After the additional captures of Kidal and Timbuktu, on 6 April, the MNLA declared the region independent of Mali as the nation of Azawad and named Gao its capital. The MNLA lost control to Islamist militias after the Battle of Gao on 26 and 27 June 2012. On 26 January 2013, the city was recaptured by French military forces as part of Opération Serval. Gao is located on the eastern bank of the Niger River at the junction with the Tilemsi Valley; the sprawling town is the largest in eastern Mali. It is connected to Bamako at the western end of Mali, by 1200 km of paved road. In 2006, the Wabaria bridge was inaugurated to replace the ferry service across the Niger; the bridge was constructed by the China State Construction Engineering Corporation and financed by the Islamic Development Bank and the Malian government. The town is strategically located with road links to the desert Kidal Region to the north and to Niamey, the capital of Niger, to the south; the road to the south runs along the left bank of the river.
The town of Ansongo is 103 km from Gao. The border with Niger is just south of the village of Labbezanga, a distance of 204 km. There are seasonal ferry services on the Niger River. A service between Gao and Koulikoro, a distance of 1380 km, is managed by the Compagnie Malienne de Navigation, it operates from the end of July, after the annual rains when there is sufficient water in the river, until mid November. Smaller boats are able to operate for a longer season between Ansongo; the town is expanding rapidly. In the 1998 census, the population of the urban commune was 52,201. By the census in 2009 this had increased to a 4.7 % annual growth rate. For administrative purposes, the commune is divided into nine quartiers: Gadeye, Farandjiré, Djoulabougou, Sosso Koïra, Boulgoundjé, Château, Djidara; the urban commune is bounded to the north by the commune of Soni Ali Ber, to the east by the commune of Anchawadi and to the south and west by the commune of Gounzoureye. Gao features an arid climate under Köppen's climate classification.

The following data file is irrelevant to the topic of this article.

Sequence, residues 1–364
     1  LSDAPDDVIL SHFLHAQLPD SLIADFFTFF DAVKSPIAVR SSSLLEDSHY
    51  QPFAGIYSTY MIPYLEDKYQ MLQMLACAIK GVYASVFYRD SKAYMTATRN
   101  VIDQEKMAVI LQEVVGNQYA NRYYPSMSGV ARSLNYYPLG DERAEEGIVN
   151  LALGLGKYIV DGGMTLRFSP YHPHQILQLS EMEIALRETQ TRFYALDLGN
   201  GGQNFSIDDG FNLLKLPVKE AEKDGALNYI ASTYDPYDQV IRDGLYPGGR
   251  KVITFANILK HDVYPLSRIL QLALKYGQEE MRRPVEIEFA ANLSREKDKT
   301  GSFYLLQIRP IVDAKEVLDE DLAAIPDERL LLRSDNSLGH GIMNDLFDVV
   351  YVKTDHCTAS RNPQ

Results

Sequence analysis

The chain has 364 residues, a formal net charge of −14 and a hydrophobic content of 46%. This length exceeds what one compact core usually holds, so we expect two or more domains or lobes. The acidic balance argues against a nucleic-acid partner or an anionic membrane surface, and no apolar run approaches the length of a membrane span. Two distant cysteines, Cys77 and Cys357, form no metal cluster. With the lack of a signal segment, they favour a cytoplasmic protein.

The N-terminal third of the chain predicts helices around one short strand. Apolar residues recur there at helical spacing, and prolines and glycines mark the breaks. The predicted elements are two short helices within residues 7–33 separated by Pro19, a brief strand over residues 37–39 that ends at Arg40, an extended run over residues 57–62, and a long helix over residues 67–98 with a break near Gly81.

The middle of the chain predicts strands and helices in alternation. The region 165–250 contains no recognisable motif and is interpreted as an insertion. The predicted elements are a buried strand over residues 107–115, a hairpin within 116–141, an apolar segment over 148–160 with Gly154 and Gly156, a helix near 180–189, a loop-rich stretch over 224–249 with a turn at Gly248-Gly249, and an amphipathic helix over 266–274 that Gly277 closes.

Gao's climate is dry, with the only rainfall occurring between June and September. August is the wettest month; the average annual rainfall is only 220 mm. May is the hottest month, with an average maximum temperature of 43 °C. December and January are the coolest months, with minimum temperatures of 15 °C. From October to March during the dry period, the north-easterly Harmattan wind blows from the Sahara; when it blows the dust-laden wind reduces visibility and creates a persistent haze. With the low rainfall the vegetation away from the river is sparse and consists of various species of Acacia and Balanites aegyptiaca; the herbaceous plants are dominated by Panicum laetum. All the local agriculture depends on river water for irrigation; the annual flood of the Niger River is a result of the heavy rainfall in the headwaters of the Niger and Bani rivers in Guinea and the northern Ivory Coast. The rainfall in the headwater areas peaks in August but the flood water takes time to pass down the river system, through the Inner Niger Delta region and arrive at Gao.
At Koulikoro the flood peaks in September, while in Gao the flood lasts longer and reaches a maximum in December. There is a large year-to-year variation in the extent of the flooding; the existing and proposed dams upstream of Gao reduce the overall flow of the river and could have a large effect on the local agriculture. When in flood the river is 4 km wide at Gao but during the dry season a number of islands appear in the river. There is little flow, only 5% of the maximum, in June and July; the history of the Gao Empire precedes that of the Songhay Empire in the region of the Middle Niger. Both empires had the town of Gao as their capital. Apart from some Arabic epitaphs on tombstones discovered in 1939 at the cemetery of Gao-Saney there are no surviving indigenous written records that date from before the middle of the 17th century. Our knowledge of the early history of the town relies on the writings of Arabic geographers living in Morocco and Andalusia, most of whom never visited the region.
These authors referred to the town as Kuku. The two key 17th century chronicles, the Tarikh al-Sudan and the Tarikh al-fattash, provide information on the town at the time of the Songhay Empire but they contain little on the social and economic history; the chronicles do not, in general, acknowledge their s
Gao Cercle is an administrative subdivision of the Gao Region of north-eastern Mali. The administrative center is the town of Gao. During the Northern Mali conflict in 2012, the main Tuareg rebel group, the National Movement for the Liberation of Azawad lost the region to the Islamist groups Ansar Dine, Movement for Oneness and Jihad in West Africa and Al-Qaeda in the Islamic Maghreb. In 2013, the Islamists lost most of the region to French and Malian soldiers; the cercle is divided into seven communes: Anchawadi Gabero Gao Gounzoureye N'Tillit Sony Aliber Tilemsi